How would you like to pay for that latte: cash, card or… phone? After months of testing in certain markets throughout the country, Starbucks (SBUX) announced today the launch of its mobile payment program nationwide. Now, you can pay for your drink using with the Starbucks Mobile Pay App for BlackBerry or iPhone (and iPod Touch) at any of the coffee chain’s nearly 6,800 locations and more than 1,000 Target stores.
Technological advances in the mobile phone space have been nothing short of incredible over the past decade. Major players like Nokia, Research in Motion, Apple, Palm and Motorola continue to push the envelope as more and more people equip themselves with smartphones. At the same time, with the emergence of open development of apps, it seems there’s a smartphone application for just about anything these days. Mobile devices are pushing into gaming, internet browsing, business development, even media.
But the most important and impactful segment that mobile devices have crept into might just be the payments space.
The mobile phone payments space essentially involves activities such as processing payments, transferring money or paying for goods and services via your mobile phone.
Starbucks isn’t the only retailer stepping into the mobile payment space. A few other examples:
1. PayPal has an iPhone app, which allows two iPhone owners to exchange money by simply bumping phones. Also available for Android and BlackBerry phones.
2. Hardware add-ons are being manufactured that allow smartphone users to hook up a credit card scanner to a phone in order to process payments at any time, anywhere. Such capabilities would be very impactful for millions of small businesses. Future phones may have this credit-card processing capability built-in to the actual phone casing.
3. Future developments may allow smartphone owners to load funds onto their phone and then have merchants scan their phone or a barcode in order to purchase items (similar to a debit card). This “Stored Value” approach to payments might take the longest to become common place, but it also might have the most potential to truly change consumer activity.
Making payments, buying consumer goods and transferring money via mobile phones is exciting for some and scary for others. While the benefits and conveniences are clear, there are also some risks associated with this activity.
- Almost everyone carries their mobile phone with them everywhere they go. Fast, convenient, on-the-go payments and consumer activity require some type of hardware on the person. By integrating payments with a device that is already always on your person, the problem of available hardware is solved.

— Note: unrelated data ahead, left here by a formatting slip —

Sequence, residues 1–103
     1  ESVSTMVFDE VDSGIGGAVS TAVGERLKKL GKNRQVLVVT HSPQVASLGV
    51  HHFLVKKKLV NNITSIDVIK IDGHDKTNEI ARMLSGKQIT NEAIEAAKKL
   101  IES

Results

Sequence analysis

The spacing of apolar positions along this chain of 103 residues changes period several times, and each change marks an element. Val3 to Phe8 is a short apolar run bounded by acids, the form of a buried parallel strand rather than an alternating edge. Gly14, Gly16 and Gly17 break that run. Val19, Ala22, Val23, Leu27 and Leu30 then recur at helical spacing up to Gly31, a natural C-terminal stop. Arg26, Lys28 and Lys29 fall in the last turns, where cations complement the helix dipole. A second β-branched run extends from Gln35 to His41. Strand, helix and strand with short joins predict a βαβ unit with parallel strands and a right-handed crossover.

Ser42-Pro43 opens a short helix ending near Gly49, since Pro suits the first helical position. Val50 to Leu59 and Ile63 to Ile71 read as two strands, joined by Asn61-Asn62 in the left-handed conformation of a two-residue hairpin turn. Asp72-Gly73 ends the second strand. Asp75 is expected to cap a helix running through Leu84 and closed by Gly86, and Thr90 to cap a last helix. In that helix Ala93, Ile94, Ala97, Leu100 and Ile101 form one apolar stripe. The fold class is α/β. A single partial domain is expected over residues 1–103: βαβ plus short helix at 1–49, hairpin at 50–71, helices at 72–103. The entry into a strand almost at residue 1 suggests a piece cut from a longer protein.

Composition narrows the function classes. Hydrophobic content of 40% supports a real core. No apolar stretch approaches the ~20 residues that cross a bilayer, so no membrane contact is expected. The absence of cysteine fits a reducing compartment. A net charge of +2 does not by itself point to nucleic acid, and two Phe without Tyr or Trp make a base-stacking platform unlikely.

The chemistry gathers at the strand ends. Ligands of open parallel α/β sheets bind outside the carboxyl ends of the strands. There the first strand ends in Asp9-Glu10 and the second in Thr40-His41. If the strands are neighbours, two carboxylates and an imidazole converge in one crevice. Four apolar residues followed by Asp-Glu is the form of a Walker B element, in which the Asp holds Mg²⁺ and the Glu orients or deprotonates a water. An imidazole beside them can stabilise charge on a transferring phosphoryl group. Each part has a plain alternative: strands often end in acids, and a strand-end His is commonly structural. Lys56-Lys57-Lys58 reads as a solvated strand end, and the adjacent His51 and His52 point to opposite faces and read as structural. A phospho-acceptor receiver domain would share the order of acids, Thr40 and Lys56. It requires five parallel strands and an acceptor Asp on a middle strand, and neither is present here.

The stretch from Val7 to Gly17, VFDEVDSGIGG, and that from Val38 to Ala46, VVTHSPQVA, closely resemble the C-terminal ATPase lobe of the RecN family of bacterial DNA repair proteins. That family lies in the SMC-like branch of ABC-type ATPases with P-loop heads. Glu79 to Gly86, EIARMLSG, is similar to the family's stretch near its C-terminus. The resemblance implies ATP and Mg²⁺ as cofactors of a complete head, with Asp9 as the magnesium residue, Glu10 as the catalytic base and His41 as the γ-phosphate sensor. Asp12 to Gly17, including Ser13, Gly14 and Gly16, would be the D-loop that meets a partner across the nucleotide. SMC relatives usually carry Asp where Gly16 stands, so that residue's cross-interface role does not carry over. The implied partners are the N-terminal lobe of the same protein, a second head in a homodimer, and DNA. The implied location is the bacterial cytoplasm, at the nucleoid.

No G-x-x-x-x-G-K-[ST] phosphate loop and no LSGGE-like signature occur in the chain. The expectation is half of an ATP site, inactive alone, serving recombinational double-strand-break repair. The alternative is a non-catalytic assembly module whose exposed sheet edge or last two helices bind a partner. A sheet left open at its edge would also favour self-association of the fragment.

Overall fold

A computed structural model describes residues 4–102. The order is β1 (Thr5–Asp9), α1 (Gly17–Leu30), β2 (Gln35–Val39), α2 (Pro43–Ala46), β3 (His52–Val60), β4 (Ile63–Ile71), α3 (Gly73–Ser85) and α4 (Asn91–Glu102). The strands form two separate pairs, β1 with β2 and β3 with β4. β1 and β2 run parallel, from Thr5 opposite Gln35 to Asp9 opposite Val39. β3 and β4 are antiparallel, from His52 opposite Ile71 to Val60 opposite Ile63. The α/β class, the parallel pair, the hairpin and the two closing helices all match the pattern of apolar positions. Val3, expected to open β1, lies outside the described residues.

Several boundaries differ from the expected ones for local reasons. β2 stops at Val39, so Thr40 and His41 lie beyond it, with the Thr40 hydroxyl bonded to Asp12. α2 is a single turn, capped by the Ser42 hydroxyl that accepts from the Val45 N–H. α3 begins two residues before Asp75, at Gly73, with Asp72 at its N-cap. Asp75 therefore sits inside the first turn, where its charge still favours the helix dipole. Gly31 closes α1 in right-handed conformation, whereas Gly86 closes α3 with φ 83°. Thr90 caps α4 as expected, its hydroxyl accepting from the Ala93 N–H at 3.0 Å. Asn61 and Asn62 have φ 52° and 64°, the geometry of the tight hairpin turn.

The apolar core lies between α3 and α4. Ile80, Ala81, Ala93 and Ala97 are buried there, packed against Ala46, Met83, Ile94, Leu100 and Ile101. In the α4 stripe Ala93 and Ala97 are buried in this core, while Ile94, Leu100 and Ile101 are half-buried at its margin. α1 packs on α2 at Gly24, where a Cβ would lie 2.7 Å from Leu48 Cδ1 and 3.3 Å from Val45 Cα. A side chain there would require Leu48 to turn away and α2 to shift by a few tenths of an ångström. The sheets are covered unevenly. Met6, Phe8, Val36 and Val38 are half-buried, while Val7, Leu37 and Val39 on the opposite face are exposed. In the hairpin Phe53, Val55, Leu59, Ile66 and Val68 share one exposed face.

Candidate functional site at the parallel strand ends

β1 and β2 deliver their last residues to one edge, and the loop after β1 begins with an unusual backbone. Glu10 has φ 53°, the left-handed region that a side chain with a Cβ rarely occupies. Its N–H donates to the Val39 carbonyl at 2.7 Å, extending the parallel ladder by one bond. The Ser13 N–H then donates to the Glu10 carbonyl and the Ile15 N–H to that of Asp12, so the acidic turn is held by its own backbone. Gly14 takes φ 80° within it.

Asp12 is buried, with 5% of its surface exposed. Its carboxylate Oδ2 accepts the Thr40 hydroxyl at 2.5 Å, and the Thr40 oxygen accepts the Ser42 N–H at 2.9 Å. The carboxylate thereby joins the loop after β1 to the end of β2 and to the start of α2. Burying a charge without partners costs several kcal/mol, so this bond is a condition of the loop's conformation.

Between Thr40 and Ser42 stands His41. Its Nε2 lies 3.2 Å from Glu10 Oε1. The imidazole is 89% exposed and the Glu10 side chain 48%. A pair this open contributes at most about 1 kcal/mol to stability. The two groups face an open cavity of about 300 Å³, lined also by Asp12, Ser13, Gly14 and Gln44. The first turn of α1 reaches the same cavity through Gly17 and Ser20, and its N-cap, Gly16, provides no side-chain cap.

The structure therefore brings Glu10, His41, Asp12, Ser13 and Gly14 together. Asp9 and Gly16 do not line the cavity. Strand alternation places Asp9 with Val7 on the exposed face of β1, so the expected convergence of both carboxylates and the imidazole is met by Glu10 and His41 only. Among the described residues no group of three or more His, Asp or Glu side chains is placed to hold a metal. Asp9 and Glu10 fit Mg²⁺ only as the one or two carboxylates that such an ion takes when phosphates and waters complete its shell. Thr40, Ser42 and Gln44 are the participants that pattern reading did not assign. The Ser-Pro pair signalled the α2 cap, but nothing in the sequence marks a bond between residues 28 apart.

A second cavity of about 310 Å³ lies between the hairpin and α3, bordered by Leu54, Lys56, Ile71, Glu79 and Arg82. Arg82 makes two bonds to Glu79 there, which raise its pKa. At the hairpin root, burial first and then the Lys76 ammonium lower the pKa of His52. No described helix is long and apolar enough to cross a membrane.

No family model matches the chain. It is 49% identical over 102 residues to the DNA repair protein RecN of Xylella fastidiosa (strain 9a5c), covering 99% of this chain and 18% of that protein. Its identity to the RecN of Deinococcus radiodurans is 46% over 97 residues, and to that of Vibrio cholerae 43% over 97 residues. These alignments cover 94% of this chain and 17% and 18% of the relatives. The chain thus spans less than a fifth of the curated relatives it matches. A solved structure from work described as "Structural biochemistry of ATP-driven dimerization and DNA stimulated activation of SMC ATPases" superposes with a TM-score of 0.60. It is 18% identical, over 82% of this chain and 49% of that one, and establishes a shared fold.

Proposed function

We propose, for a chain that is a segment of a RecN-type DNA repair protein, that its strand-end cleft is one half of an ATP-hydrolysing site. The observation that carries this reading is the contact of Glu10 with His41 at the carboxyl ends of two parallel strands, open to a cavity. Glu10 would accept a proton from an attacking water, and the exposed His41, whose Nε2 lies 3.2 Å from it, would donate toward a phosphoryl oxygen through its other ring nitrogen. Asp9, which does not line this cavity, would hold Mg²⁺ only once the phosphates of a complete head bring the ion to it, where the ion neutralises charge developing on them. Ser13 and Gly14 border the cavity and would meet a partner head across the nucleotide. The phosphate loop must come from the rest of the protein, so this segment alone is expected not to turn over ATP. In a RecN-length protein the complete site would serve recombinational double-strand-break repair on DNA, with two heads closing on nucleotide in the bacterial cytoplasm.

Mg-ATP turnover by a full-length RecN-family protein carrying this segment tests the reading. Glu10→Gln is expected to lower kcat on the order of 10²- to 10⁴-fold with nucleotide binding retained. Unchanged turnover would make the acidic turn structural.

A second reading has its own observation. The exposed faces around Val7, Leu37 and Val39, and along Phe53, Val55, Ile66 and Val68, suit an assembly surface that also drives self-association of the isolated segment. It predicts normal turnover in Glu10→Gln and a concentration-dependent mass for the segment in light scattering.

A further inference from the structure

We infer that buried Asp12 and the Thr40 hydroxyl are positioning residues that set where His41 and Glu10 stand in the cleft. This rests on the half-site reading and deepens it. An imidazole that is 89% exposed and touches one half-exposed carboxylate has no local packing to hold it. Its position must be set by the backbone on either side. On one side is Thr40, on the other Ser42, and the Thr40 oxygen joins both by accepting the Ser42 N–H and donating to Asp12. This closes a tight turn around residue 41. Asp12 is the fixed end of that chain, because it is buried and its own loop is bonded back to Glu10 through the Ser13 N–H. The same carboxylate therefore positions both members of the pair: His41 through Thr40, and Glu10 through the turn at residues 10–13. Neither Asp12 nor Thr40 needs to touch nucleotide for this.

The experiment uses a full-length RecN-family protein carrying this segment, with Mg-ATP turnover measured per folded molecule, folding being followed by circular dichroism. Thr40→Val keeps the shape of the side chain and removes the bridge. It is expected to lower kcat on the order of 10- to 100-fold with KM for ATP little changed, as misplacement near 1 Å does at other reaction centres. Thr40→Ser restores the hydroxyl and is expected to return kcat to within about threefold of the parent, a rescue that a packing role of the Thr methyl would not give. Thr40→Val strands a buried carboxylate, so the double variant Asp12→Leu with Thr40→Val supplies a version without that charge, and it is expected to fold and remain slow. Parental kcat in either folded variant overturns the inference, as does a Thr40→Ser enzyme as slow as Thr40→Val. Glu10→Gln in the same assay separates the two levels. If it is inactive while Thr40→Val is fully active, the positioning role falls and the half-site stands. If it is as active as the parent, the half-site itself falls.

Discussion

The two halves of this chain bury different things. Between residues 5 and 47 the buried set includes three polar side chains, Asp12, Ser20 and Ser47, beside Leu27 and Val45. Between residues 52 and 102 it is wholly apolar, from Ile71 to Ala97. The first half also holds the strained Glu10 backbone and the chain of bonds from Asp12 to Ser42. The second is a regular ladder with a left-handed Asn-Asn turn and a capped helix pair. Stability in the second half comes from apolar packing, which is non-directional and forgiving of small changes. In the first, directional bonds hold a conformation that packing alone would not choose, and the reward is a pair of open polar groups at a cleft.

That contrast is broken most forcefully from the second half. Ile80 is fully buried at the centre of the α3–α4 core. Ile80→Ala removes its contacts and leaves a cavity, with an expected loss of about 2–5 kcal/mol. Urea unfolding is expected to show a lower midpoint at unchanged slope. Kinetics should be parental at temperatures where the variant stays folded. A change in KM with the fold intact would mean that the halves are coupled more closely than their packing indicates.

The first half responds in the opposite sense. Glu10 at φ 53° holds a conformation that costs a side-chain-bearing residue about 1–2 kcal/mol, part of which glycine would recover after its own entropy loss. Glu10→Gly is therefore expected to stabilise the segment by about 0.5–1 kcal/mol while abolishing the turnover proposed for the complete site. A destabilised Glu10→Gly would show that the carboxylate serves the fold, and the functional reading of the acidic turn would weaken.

- The technology already exists for mobile payments, whether it is the software of hardware. Standardization is the only thing needed to move this trend rapidly forward.
- By enabling payments via your smartphone, you increase your payment options. Within your wallet, you have a number of payment options (cash, credit card, debit card). Why not add one more?
- Mobile payments will never be as universally accepted as cash. Cash is accepted everywhere, always. It will take a some time for mobile payment options to become normal across the spectrum of consumer activity.
- Security concerns will be a focus as mobile phones begin to merge with financial accounts. These concerns can be addressed, however, in a similar fashion as with credit cards.
- Moving financial details to a hardware device on your person can also open up some privacy concerns. For example, third parties might be able to read information off your phone.
While there are risks to be hammered out as this technology becomes part of our daily lives, these risks can definitely be addressed and measures can be put in place. It is unlikely that these hurdles will stop this growing trend of mobile payments from moving forward. This begs the question:
Are we moving towards a cashless society?
In many ways, we already are a cashless society. Many young people frequently go about their day-to-day lives without any cash. Payments via mobile phones will only push this trend further and continue to change our behavior. That said, don’t expect cash to completely disappear any time soon. As Emmett Higdon, a senior analyst at Forrester Research and one of the nation’s lead experts on mobile payments says, “It’s going to be decades until we see a fully cashless society. Until then, it looks like you might be able to get by if you forget your wallet at home, but definitely not if you forget your mobile phone.”
Kevin Duffey blogs about personal finance at http://20smoney.com/.
This article was originally published on May 27, 2010 and was updated on January 19, 2011.